The avoidance of the agreed safety regulations saved Exxon billions of dollars over the years according to Palast who describes the damages of $500,000 “…. so cheap, it’s like a permit to spill”. However, Supreme Court Justice David Souter wrote that Exxon’s recklessness was ”profitless” – so the company shouldn’t have to pay punitive damages!
From the corporate point of view, Exxon made a mistake in not separating itself from the shipper Exxon Shipping Company. Oil companies usually use flags of convenience and shell companies to avoid compensation for the numerous oil spills around the world. In the US Supreme Court, Exxon argued that the captain was not in effect a “managerial agent” of the company, meaning it could not be held liable for punitive damages stemming from his actions. The court rejected this view.
Some facts about Exxon Mobil.
For readers unfamiliar with the activities of Exxon, it is one of the most powerful companies in the world with huge political power in Washington through lobbying and political donations.
According to Robert Reich, Professor of Public Policy, University of California, “In 1998 Exxon embarked on a campaign to give “logical and moral support ” to any dissenter from scientific findings documenting global climate change, “thereby raising questions about and undercutting the ‘prevailing scientific wisdom” according to internal company documents. In 2005, Exxon Mobil distributed $2.9 million to thirty nine groups that would raise doubts about climate change.
In 2005 when annual profit was $36 billion, the retiring Chairman left with $140 million severance plus $280 million in stock.
In 2008, the Rockefeller family, shareholders in Exxon, called on the company at the AGM to invest in alternative energy, treat global warming more seriously, and split its chief executive and chairman positions. They were defeated.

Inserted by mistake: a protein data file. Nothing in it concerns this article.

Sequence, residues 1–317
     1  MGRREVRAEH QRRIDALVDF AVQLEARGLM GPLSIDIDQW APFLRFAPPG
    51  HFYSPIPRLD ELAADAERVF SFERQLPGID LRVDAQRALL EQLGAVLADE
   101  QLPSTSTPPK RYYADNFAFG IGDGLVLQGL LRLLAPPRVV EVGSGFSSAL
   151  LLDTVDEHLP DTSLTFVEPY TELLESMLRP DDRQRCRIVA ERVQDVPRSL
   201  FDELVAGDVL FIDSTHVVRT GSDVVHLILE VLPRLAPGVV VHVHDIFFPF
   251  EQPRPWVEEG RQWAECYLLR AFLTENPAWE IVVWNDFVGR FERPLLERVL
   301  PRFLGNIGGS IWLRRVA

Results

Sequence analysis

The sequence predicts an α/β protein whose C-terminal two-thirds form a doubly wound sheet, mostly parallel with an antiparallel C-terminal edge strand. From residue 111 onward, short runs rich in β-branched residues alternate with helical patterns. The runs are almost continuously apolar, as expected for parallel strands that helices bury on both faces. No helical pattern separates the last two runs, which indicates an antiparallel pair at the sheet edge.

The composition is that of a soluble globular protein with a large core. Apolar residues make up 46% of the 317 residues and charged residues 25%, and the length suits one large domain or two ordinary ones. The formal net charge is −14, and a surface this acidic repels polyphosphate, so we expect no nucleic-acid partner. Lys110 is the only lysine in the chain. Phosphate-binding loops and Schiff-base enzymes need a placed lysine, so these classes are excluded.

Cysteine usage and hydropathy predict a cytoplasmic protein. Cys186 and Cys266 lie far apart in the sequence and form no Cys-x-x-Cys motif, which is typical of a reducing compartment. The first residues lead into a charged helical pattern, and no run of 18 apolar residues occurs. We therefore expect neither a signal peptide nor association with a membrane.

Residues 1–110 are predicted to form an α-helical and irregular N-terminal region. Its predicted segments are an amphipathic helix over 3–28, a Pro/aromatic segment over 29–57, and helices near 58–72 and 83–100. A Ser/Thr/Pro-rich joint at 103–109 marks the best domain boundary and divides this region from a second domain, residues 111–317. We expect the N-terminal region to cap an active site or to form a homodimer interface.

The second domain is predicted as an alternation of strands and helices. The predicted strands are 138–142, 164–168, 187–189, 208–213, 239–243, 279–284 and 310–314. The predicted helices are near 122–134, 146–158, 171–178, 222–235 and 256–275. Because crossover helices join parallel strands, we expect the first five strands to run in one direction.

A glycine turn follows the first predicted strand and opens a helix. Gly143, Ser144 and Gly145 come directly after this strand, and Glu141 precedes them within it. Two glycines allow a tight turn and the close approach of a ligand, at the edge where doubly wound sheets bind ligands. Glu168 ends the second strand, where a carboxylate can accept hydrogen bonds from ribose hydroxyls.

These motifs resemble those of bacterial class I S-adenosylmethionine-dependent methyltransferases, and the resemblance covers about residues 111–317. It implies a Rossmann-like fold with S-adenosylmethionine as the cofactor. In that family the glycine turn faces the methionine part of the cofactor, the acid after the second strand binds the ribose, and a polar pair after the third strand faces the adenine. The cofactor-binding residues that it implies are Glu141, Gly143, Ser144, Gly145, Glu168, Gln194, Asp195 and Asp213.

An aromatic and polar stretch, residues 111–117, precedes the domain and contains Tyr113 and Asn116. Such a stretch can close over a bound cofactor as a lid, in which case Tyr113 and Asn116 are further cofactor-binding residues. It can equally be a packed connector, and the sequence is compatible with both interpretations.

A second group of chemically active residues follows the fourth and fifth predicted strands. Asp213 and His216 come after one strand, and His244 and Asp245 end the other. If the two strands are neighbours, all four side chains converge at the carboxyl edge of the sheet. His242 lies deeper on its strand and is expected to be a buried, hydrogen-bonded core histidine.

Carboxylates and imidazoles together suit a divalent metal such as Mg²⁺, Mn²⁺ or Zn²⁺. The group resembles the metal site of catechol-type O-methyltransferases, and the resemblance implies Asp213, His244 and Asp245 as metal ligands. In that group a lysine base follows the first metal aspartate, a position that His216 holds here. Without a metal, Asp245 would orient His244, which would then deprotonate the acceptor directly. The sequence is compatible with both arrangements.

According to the New York Times there is a deal for Exxon and BP to return to Iraq with the protection of long term military bases. Alan Greenspan said the former chairman of the Federal Reserve, said in his memoir last year “Everyone knows the Iraq war is largely about oil.”
Exxon Shipping Company, which operated the Exxon Valdez tanker, has been renamed Sea River Shipping Company. The Exxon Valdez was repaired and renamed the Sea River Mediterranean and today is used to haul oil across the Atlantic Ocean.
Those members of DEA who accidentally turn onto CNN cannot miss a frequent, prolonged and slick advertisement from Exxon indicating their responsibilities to alternative energy etc.!
This story raises a number of important questions
Are these events relevant to Australia?
The modus operandi of fossil fuel giants has been much the same in all Western countries. Their role in thwarting climate change action in Australia is documented by Greg Pearse in “High and Dry” (see this site, September 2007). The federal government’s move to register lobbyists probably reflects concern about inappropriate influence. In terms of access to government, it is quite clear that environmental organisations have extremely limited access to government compared to the corporate empires.
What can we do about this situation?
For each of us, the journey through environmentalism and its links to health commences with a single issue, a local pollution, an endangered species. The trail of causation always leads in the same direction and indicates why battles won have to be fought again and again. It is the author’s view that it is futile to attempt to reorientate the appetite of the tiger towards vegetarianism. Large carnivores at the top of the food chain have to be caged to control them and even then they maul the occasional keeper. As Milton Friedman stated many times – the sole purpose of the corporate sector in to make profits. The role of governance is to regulate in the public interest. Unfortunately this role has been corrupted and has withered. Our role has to be educational to explain how and why the environment is being destroyed by these mechanisms.
Where to buy petrol?
Often I am asked this question! The majors Mobil, Shell and BP have terrible environmental records. Use a bicycle or walk whenever you can!
Note: The author became interested in the Exxon Valdez disaster after visiting the site of the disaster in 1998